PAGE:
Phil Murphy — a former U.S. ambassador to Germany, a former finance chair of the Democratic National Committee, and a former Goldman Sachs banking executive, the leading Democratic candidate, served as Barack Obama’s ambassador to Germany from 2009 to 2013 and earned a fortune as an executive at Goldman Sachs. He was also the Democratic National Committee Finance chairman under Howard Dean. He’s earned the backing of influential county party officials, unions and elected officials and pledged $10 million of his own money to the campaign.

John Wisniewski — a member of the state Assembly from Middlesex County who has served in the state Legislature for more than 20 years, a veteran attorney, and a former state Democratic Party chair, Co-chaired the Legislature’s investigation into the George Washington Bridge scandal. Wisniewski was U.S. Sen. Bernie Sanders’ campaign chairman in last year’s primary and is aiming to capture Sanders’ supporters in the primary. He has also qualified for public funds by reaching the $430,000 threshold.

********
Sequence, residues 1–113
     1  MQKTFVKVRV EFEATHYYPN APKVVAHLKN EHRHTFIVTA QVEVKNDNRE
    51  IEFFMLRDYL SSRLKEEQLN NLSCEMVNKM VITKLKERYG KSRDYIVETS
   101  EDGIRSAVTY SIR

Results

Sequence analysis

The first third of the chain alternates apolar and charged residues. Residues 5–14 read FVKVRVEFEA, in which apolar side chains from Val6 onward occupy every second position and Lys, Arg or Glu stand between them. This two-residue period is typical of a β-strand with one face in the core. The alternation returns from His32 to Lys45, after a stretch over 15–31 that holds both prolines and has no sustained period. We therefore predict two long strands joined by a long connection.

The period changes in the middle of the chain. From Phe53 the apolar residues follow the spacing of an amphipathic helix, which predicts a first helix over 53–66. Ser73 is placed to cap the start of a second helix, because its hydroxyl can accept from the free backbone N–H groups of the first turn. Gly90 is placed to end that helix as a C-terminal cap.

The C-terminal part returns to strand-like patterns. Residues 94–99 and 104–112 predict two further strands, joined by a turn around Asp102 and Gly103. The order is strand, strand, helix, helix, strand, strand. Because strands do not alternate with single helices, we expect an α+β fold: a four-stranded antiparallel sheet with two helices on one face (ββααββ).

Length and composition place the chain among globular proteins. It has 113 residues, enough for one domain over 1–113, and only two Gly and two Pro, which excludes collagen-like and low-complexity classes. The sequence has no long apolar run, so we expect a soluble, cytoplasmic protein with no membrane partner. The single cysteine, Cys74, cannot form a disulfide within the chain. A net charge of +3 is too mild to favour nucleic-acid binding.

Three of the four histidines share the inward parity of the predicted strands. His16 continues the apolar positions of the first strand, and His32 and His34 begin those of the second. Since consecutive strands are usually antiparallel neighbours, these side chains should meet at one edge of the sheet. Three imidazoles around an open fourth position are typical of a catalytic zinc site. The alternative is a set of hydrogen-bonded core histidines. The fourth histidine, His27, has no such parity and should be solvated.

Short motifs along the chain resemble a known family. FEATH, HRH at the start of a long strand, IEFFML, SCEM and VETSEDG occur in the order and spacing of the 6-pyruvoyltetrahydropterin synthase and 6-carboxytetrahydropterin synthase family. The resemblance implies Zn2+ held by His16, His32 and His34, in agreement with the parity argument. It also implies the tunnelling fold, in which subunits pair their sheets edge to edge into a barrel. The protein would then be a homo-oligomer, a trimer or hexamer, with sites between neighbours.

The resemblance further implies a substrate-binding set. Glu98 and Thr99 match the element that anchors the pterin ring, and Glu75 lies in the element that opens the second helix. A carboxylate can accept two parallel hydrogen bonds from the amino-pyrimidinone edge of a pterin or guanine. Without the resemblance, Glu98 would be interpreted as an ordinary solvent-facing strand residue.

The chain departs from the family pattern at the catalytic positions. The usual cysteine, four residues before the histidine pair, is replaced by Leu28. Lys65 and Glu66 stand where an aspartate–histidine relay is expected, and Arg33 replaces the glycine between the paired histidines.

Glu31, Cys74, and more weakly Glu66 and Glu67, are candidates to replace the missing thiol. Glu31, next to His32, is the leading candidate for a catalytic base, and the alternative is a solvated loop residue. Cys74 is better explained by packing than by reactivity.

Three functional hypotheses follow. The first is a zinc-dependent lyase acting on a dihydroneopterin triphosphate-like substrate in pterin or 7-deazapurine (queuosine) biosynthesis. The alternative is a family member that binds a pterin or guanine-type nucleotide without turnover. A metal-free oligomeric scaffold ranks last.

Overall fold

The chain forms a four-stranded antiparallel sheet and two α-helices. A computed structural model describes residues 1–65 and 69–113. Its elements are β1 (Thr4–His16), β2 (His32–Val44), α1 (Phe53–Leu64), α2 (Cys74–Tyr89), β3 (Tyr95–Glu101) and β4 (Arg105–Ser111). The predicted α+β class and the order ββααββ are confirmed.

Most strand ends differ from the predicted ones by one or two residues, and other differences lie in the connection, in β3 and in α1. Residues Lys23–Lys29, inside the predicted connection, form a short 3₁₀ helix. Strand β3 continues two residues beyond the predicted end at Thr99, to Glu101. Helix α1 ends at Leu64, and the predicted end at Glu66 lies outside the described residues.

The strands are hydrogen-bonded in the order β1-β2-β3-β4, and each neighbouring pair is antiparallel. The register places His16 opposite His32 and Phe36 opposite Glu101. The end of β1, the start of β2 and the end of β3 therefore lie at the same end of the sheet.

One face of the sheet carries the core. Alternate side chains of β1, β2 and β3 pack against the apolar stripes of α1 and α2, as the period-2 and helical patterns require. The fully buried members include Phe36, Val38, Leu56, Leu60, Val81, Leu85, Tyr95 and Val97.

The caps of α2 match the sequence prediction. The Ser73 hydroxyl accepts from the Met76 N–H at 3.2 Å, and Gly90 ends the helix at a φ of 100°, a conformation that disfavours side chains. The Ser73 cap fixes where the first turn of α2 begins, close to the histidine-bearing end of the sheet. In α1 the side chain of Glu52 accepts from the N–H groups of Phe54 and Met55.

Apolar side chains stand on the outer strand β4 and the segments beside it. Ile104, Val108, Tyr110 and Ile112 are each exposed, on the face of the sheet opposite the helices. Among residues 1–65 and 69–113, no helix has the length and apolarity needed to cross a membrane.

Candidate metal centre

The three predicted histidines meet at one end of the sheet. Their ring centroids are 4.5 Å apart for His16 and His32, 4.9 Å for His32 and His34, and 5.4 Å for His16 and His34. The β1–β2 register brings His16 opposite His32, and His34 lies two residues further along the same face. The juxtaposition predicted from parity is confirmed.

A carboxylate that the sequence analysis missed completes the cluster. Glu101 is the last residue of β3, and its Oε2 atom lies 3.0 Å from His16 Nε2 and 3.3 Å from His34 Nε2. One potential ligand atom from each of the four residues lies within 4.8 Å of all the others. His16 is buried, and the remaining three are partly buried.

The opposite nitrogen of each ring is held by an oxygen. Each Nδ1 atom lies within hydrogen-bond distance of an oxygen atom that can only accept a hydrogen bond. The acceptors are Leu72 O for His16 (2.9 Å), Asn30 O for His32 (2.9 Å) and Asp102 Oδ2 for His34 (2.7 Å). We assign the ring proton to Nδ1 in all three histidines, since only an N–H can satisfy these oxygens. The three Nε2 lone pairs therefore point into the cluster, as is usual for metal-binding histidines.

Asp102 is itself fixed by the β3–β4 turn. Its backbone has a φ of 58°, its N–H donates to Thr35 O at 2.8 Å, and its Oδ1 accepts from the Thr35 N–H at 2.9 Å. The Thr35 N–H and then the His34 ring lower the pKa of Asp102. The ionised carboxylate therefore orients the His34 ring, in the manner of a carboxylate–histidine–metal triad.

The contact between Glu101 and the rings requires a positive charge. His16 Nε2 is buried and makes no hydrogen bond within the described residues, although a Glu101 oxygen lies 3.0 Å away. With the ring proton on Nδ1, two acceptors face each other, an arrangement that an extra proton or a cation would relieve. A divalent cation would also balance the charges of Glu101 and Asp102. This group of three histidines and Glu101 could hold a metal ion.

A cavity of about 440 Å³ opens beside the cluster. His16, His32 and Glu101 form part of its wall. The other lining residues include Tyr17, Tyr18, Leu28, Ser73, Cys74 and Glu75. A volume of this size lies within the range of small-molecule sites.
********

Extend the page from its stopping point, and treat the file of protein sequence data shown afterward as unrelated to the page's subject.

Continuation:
Mark Zinna — president of the Tenafly borough council, a councilman since 2012, and owner of a small business that manages data for law firms. His campaign is focusing on what he calls the corrupt political system and is calling for open primaries, in which the state’s millions of unaffiliated voters could participate. Currently only registered Democrats and Republicans can vote in the primary.

REPUBLICAN – running to be the REPUBLICAN candidate for Governor:  

Jack Ciattarelli: Ciattarelli, a certified public accountant who owns a medical publishing company, has served in the Assembly since 2012. He qualified for public matching funds and has won the influential county party line in several places, including Burlington, Essex and Somerset.  He has said he will not support funding Planned Parenthood.  Position on the gas tax is confusing.